In the wake of a dispute over the Athens County Sheriff's Office's interpretation of Ohio's concealed-carry weapons (CCW) law, the county prosecutor's office has told the sheriff he's been reading the law incorrectly.
Last Monday, following news coverage of the case of a man from The Plains, who recently was denied a concealed-carry permit because of a past criminal case, Sheriff Pat Kelly requested a legal opinion on the matter from county Prosecutor Keller Blackburn.
The same day, assistant prosecutor Elizabeth Pepper responded, telling the sheriff in so many words that he was wrong to refuse to renew the man's permit, based on a 10-year-old domestic violence charge that was pleaded down to a conviction for disorderly conduct.
In his letter to Blackburn, Kelly had asked the prosecutor to tell him whether, in his legal opinion, a person qualifies for a concealed-carry permit if he or she has ever been charged with a domestic violence offense - even if that charge was pleaded down to a lesser offense.
This question relates directly to the case of Shane Sloan, who was recently turned down by the sheriff's office when he tried to renew his CCW license.
As reported Monday in The Athens NEWS, Sloan was told he was disqualified for a license renewal because of a 2003 domestic violence charge, which was resolved when Sloan pleaded to the lesser charge of disorderly conduct.
Domestic violence is a disqualifying offense for a concealed-carry permit. Sloan argued that because he was not currently charged with that offense when applying for the renewal, he was not disqualified.
The sheriff said, however, that his office has recently begun applying an interpretation of the CCW law in which "charged" with an offense translates as "having ever been charged," rather than "currently charged."
The Ohio Attorney General's office, in a comment to The NEWS, suggested that this reading of the law is out of line with how the AG's office interprets it.
After the publication of the article - which generated heavy reader feedback - Kelly penned his letter to Blackburn.
He noted in the letter that his office had denied Sloan's permit renewal application, based on wording in an AG's booklet about concealed-carry laws and licensing. He said a staffer who handles concealed-carry permits for his office "informed me he did contact the AG's office and they would not give an opinion" on the legal issue.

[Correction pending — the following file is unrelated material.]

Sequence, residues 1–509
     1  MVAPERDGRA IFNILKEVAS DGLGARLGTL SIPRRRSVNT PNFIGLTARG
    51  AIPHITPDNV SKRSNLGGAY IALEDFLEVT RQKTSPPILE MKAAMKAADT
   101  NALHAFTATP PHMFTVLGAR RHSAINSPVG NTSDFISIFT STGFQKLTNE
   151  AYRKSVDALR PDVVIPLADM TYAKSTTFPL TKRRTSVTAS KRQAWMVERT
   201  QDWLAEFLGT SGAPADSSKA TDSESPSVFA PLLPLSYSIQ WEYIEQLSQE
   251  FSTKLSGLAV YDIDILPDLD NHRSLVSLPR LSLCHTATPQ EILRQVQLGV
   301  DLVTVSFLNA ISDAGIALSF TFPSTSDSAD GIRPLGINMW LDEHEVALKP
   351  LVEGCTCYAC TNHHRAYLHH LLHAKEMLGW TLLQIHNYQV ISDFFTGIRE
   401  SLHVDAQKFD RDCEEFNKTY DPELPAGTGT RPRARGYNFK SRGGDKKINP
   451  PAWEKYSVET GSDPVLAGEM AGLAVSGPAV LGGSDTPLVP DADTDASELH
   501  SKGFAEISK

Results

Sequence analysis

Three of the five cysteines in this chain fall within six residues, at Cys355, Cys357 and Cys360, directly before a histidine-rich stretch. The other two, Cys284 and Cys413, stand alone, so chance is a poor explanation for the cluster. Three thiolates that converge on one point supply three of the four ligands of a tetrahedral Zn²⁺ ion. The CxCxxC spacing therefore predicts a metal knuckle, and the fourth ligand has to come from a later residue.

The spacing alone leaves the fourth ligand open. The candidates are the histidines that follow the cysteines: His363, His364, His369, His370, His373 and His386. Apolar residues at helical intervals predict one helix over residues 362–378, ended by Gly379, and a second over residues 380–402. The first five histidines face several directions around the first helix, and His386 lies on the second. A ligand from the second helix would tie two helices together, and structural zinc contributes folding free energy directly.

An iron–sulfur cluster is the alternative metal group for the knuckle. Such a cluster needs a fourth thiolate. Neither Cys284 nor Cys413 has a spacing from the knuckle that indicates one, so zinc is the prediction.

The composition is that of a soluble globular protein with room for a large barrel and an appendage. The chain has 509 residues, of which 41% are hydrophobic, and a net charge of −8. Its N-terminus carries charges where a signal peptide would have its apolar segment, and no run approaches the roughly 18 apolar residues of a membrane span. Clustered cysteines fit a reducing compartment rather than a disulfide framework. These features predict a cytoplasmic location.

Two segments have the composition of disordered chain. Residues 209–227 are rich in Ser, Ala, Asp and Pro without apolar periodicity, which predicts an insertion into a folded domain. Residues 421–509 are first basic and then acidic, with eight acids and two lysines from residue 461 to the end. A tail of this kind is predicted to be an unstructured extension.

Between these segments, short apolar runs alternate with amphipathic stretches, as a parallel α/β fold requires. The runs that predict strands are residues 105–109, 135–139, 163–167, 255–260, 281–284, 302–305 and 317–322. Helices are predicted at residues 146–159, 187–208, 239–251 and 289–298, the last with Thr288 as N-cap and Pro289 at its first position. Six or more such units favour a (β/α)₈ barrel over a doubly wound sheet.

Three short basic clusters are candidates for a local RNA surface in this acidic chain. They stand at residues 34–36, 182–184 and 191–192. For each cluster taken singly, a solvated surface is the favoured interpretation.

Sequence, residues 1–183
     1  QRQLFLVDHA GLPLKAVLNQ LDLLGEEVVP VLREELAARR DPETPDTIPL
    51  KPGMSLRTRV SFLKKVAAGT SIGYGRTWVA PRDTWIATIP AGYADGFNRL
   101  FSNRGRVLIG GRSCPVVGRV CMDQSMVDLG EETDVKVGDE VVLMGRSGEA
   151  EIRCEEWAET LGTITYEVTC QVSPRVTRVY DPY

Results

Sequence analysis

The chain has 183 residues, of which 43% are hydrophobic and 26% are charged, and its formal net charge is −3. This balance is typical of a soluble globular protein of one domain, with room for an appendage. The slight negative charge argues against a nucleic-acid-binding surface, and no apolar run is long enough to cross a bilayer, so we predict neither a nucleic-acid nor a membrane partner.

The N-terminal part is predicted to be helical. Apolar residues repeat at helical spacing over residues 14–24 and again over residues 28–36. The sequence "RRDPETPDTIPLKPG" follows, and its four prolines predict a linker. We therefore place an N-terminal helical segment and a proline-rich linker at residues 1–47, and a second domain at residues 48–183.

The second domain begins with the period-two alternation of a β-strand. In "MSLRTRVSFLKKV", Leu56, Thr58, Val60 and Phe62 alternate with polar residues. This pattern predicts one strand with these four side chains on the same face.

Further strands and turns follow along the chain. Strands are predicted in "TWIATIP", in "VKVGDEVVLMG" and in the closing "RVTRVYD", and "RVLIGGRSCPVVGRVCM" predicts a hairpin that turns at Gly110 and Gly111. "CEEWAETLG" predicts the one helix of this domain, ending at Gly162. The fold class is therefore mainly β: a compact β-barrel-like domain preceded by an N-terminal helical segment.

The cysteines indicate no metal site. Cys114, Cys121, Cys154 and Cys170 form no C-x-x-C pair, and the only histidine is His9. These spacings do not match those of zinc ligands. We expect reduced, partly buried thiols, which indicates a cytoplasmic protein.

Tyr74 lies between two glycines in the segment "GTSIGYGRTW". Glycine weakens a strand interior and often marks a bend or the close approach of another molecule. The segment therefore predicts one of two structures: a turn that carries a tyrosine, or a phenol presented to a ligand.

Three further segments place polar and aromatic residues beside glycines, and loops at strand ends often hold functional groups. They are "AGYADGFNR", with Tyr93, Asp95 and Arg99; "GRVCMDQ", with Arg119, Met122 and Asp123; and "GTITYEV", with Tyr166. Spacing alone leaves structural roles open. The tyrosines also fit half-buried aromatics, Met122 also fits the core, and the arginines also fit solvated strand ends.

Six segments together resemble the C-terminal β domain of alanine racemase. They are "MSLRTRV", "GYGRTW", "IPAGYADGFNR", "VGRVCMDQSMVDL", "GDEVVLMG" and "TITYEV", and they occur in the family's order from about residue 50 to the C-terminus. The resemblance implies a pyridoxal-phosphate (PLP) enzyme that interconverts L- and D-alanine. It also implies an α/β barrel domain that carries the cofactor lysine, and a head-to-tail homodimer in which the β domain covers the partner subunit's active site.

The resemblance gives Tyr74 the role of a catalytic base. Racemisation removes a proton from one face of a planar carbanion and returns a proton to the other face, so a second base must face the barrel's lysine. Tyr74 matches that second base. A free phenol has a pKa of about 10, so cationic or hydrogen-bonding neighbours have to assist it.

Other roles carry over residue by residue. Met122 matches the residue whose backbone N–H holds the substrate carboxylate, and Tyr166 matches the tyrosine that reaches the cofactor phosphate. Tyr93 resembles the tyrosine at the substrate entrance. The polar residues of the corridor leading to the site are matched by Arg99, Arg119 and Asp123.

He went on to tell Blackburn, "I need your opinion as to whether a person qualifies to receive or renew a concealed carry permit" if that person has ever been charged with domestic violence, regardless of whether the charge was pleaded down to a lesser offense.
He then asks, in such a case, where a domestic violence charge is lowered in a plea, "exactly what offense would preclude an applicant from receiving the concealed carry permit."
Pepper's letter indicates that the county prosecutor's office reads the law as Sloan did - that "charged" means "charged at the time of license application."
"If at the time of application the applicant is under indictment or charged with domestic violence, this would be grounds to deny the request for conceal carry permit," she wrote. "If the charge is reduced to a non-Brady disqualifying offense, it would not be grounds to deny the request for conceal carry permit." (A Brady-disqualifying offense is one that, if a person is convicted of the offense, disqualifies that person under federal law from purchasing a firearm.)
Regarding Kelly's second question, about which lesser-offense convictions in a case like Sloan's would still disqualify an applicant, Pepper wrote, "Only a Brady disqualifying offense or other offense in the applicable law, including but not limited to (Ohio's concealed-carry permitting law), would be grounds to deny the request for conceal carry permit."
In addition to the high volume of online reader response to the NEWS stories, the issue also has predictably drawn the attention of gun-rights advocacy groups.
Ohioans for Concealed Carry, for example, was largely critical of the sheriff's office in an online forum sponsored by that statewide group, which opened Dec. 30.
Equally negative in its response, posted Dec. 31, was Bearingarms.com, a site that says it believes in "a preexisting, unalienable right of self-defense," which includes "the use of contemporary arms, ammunition, and accouterments."
Another group that picked up on the story, reposting the first NEWS article on the topic on its website Jan. 1, is the Hocking Hills Tea Party.